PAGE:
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Mason's Five Thoughts from Camp Day 3

Posted Jul 26, 2014

The pads went on for the first time Saturday, and the defense came ready to thump.

ENGLEWOOD, Colo. --If you're going to be the best, you've got to beat the best. What the Broncos hope is that the offense and defense work symbiotically to achieve that, and build what DeMarcus Ware called "1 and 1" -- two units atop the league.

Ware is one of the primary reasons why the offense has been challenged in a way it was not during training camp last year. Safety T.J. Ward is another. Ware has consistently generated pressure from the edge, while Ward's ability to read runs as they develop puts pressure on the running backs to get to the edge quicker, or risk being run down for no gain.

"Those guys are savages, man," said linebacker Danny Trevathan. "Anything that’s out there left to be picked up, they’re going to go out there and clean it up and they’re going to leave everything out there on that field."

The defense is still without cornerback Chris Harris Jr. and -- in the team periods, Von Miller and Kevin Vickerson. Yet it has been dominant at times, including Saturday, when the pads went on, allowing Ward and others to hit at close to full throttle.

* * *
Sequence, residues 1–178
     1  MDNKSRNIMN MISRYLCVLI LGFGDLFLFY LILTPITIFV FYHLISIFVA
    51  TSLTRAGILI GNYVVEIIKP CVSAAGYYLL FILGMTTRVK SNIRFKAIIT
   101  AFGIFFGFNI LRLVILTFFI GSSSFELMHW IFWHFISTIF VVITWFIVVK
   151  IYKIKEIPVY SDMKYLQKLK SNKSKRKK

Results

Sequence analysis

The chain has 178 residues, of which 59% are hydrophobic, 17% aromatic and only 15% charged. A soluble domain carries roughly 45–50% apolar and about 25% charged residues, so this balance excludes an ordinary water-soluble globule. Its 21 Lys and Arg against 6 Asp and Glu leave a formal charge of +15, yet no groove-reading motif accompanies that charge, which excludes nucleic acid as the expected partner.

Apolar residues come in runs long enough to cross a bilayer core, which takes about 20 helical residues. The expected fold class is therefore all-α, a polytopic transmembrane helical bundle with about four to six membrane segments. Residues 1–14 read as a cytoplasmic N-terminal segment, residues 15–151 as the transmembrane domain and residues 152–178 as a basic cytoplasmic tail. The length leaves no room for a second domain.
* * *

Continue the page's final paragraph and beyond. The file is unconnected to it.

"It has been a challenge," said Offensive Coordinator Adam Gase. "We knew it in the spring that it was going to be tough and now that we have the pads on, we can see the addition of DeMarcus Ware and T.J. You can see a real big difference now."

The defense looks like it listened to the directions that, according to urban legend, are the only ones George Lucas provided during much of the filming of the original Star Warsin 1977: "Faster. More intense."

That can only help the offense, which has the firepower to respond and match it, which makes the move-and-countermove duel of the units worth watching in the next few weeks.

For now, here's five thoughts from Saturday's practice:

1. Ward brings something new to the defense -- a safety who can discombobulate the run game, but also drop into coverage effectively on the next play.

On this play, Hillman had a bit of room running to his left after being forced outside, but Ward arrived so quickly that the speedy third-year back had no chance of getting to the outside in time. Ward's hit rattled throughout the practice field.

With Ward, Lerentee McCray and others in the back seven consistently filling gaps, there is scant room for the running backs to roam.

"The running lanes are a lot smaller, and that’s great," said running back Montee Ball. "It’s great going against this type of defense, it will make us better for the games."

To Hillman's credit, he secured the football in anticipation of contact, a positive sign given his fumbling issues last year. However, Hillman also fumbled a toss pitch from Manning, although he managed to recover the football.

2. DeMarcus Ware is still wreaking havoc:

It was a classic Ware pass rush. He sprinted around the edge, and did not hesitate when Peyton Manning executed a play-action fake, perfectly reading the intent of the play. One play earlier, Ware got the first 11-on-11, full-contact team period off to a thunderous start by blowing up a handoff to Montee Ball. Ball took the handoff up the middle.